I’m reading ThreadLocal’s source codes.And I get a question which is unable to understand.That is
why use a map to store ThreadLocal objects?I think use array is more suitable.Because you can define ThreadLocal’s hashcode from zero.And you do not need to worry about key’s collision.
Any one can help me?
Thanks in advance!
I think I understand what you are saying.
Internally thread locals work by generating an internal key for each the thread local variable. In recent implementations (I am looking at Java 11) the keys are generated by a hashing algorithm, and are used in the (custom) map that each thread uses to store the thread-local values.
You are proposing that these maps be replaced by simple arrays of values, and the keys are generated as sequentially increasing integers so that they can be used for subscripting the arrays. I guess you think it would improve performance and/or reduce memory.
The problem is that your idea doesn’t scale.
Suppose that an application creates a number of
ThreadLocal instances. Now suppose that a thread sets the value of the
ThreadLocal for some random
In the current implementation, an entry is created in the thread’s hash table. This takes a constant amount of space.
In your proposed implementation, the thread’s array now needs to have at least
i slots, where
i is the key. (Java arrays are not sparse!). If it doesn’t exist yet, it must be created with length
i. If it does exist, it may need to be reallocated with length
When the number of
ThreadLocal instances is large enough, and they are set randomly, and only a few are set for any given thread, then the memory used by your array-based representation will be greater than for the current hash table representation.
Then, consider what happens when a
ThreadLocal is garbage collected.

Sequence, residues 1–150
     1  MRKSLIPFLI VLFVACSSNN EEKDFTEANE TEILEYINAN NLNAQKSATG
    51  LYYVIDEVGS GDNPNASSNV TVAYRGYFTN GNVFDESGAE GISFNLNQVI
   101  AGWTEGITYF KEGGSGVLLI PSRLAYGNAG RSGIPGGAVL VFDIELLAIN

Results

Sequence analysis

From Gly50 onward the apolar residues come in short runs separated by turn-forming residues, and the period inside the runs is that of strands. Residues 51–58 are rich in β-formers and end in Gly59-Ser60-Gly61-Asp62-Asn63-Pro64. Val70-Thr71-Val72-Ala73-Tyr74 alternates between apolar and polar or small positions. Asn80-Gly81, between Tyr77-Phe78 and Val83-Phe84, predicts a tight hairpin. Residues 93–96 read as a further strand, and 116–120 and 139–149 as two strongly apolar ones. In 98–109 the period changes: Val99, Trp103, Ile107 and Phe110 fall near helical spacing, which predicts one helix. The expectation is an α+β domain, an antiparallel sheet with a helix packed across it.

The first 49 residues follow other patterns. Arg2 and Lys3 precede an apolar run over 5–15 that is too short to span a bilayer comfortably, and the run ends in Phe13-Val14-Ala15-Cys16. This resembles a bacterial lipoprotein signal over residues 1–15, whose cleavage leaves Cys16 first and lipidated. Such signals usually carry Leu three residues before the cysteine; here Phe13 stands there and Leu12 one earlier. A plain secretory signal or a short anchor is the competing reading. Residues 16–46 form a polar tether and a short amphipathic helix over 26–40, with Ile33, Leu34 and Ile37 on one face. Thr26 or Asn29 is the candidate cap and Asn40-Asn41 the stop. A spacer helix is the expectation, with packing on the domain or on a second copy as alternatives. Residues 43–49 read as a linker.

In the current hash table implementation, each map entry is (extends) a
ref refers to a
ThreadLocal. When a given
ThreadLocal instance is garbage collected, all entries in all threads’ maps for that
ThreadLocal will have their
ref field nulled. The map’s implementation recognizes any such entries as “stale”, and when it encounters a stale entry, it expunges it from the table.
In your proposed implementation, there is no
WeakReference to break. Even if that could be worked around, it is difficult to see how the arrays could be compacted.
Now, the Sun / Oracle engineers who worked on the Java implementation are all smart people. And the particular engineers who implemented and maintained
ThreadLocal over the years probably looked for ways to optimize it. And they may well have considered using arrays at some point. But I imagine that they would have considered all of the pros and cons1 … before deciding on the current approach of using a hash table per thread.
It is also worth understanding the background for the current implementation. There are clues in this (fixed) bug report against the JDK 1.4 codebase: https://bugs.java.com/bugdatabase/view_bug.do?bug_id=4414045
1 – These may well have included other issues than the above ones …